The, after three years of being a single mum and thinking I would never sleep again, et alone have an independent thought that wasn’t about children’s food and holidaying in child-friendly resorts, I met Mikey and when on to have three more children with him now aged nine, 12 and 13. That also ended four years ago in sad and painful circumstances.

Two years after the split, I decided to rent the family home out and start again. I thought a move would help. I wanted me and my now four children to start again, to regroup and take a deep breath and pull together as a family.

But the minute we walked through the door of our newly-rente dhome I knew I’d made the wrong decision. I love dour family home! It was a terrible wrench to leave it. As I sat there, yet again mired in misry, I decided to call another old friend from school, my lovely and wise Tanis. The next things I knew, Tania turned up on the next train from Scotland and set about making my home actually feel like a home.

I hated my new house and was desperate to go home, but Tania unpacked my boxes and made the house warm and welcoming. We ended up drinking mulled wine in front of the fire (which she made, of course) and I remember looking rather mistily over to her and thinking she was the best friend any person could ever have. I told her this and she patted me on the knee and told me to go to bed.

Post-move, life did get better but it was still so tiring being a single parent. It’s one thing thinking you are not a great parent when you have the support of someone else, but I was doing it alone. There were many nights when I couldn’t sleep. I’d toss and turn worrying about money, lack of sleep and how lonely I felt. I had no idea who to turn to. No one was sleeping well an dmy daughter, then aged five, was up and down every night wanting attention. I felt I was letting everyone down because I was so tired and scratchy and incapable – in my eyes – of being calm and supportive.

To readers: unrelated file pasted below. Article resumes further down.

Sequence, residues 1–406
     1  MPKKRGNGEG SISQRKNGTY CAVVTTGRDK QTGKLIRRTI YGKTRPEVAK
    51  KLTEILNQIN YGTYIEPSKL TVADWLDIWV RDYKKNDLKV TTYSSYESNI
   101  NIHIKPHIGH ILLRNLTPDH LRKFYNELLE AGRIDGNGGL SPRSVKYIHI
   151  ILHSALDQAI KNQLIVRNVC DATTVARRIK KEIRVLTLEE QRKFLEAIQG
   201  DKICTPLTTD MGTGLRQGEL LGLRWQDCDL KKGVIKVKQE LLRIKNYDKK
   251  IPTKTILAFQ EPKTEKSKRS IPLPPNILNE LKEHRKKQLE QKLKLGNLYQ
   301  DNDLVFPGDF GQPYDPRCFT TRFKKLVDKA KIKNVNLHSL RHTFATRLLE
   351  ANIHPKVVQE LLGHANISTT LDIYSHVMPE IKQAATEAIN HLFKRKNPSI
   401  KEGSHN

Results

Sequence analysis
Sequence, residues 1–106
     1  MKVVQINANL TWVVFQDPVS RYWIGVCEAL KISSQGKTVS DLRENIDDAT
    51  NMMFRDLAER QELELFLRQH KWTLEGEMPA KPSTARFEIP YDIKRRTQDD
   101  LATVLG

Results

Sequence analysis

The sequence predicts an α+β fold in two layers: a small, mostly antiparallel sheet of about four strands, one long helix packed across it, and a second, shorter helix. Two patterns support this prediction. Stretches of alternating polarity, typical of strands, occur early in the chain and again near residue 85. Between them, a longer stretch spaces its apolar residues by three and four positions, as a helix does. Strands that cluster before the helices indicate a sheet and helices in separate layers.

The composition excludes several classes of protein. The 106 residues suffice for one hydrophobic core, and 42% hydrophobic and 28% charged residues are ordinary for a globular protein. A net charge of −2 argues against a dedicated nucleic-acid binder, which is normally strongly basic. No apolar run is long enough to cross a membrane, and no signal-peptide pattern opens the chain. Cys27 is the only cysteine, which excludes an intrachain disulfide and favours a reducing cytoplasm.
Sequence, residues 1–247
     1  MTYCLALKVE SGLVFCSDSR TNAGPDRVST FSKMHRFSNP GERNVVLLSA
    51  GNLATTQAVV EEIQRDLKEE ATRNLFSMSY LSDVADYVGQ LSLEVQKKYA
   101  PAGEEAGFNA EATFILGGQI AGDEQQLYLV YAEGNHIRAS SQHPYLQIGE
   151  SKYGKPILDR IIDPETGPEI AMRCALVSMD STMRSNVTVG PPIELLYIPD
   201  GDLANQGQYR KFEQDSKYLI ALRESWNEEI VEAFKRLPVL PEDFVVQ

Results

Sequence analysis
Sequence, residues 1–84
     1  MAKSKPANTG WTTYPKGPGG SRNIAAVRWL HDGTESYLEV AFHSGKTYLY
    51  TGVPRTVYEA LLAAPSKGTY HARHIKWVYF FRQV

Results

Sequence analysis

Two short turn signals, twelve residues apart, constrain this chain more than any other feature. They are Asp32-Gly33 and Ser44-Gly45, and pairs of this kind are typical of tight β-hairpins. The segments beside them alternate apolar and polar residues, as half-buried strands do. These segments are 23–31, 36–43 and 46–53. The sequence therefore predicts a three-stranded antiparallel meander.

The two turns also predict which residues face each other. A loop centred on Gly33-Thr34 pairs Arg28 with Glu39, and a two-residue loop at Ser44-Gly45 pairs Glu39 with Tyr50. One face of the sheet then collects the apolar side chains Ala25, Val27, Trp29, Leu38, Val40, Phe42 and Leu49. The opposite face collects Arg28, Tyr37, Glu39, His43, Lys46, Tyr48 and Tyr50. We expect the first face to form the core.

One night, weeping with exhaustion, I called my friend Bridget who must have sensed how desperate I was as she drove for an hour to my house. She brought dinner, put my daughter to bed and sat with me while I wept on her shoulder. We talked about my constant self-criticism and how difficult it was trying to tackle everything alone. Bridget persuaded me that my friends really were there for me and that I should reach out for support

 

It made me realise that I’m not someone who finds it easy to ask for help. I have spent years proudly standing on my own two feet. But somehow, when I’ve been desperately unhappy, my friends have known what I need and in times of trouble they are the glue that holds me together.

My oldest friends Rosalind and Tania are people I’ve known nearly all my life. I met them at school and here we are still, so they actually know me better than any boyfriend as they knew me before I became the many different versions of myself. They know my background, my family, my history and so they understand me in a way that only a sibling can. They knew me before I had a job, a steady relationship, before I was a mother. Bridget has known me since she lived next door to me when I moved nack from New York. They don’t judge me as maybe other friends have. I have certainly dropped off some people’s social invitation list due to not being part of a four. Many people feel threatened by single women even when they have four children in tow. The dynamic no longer works and many have abandoned me which has made me feel sad and lonely. But it also makes me appreciate how solid my other friendships are an dhow much this counts for.

 

It is this longevity that makes me feel so attached to them. They have dropped everything for me, instinctively understanding when I need them, and I would do the same for them. When the chips are down it’s my friends who have picked me up and got me going again. It is friends who love and support you. They don’t judge, question or criticise you. They just look after you.

 

Ends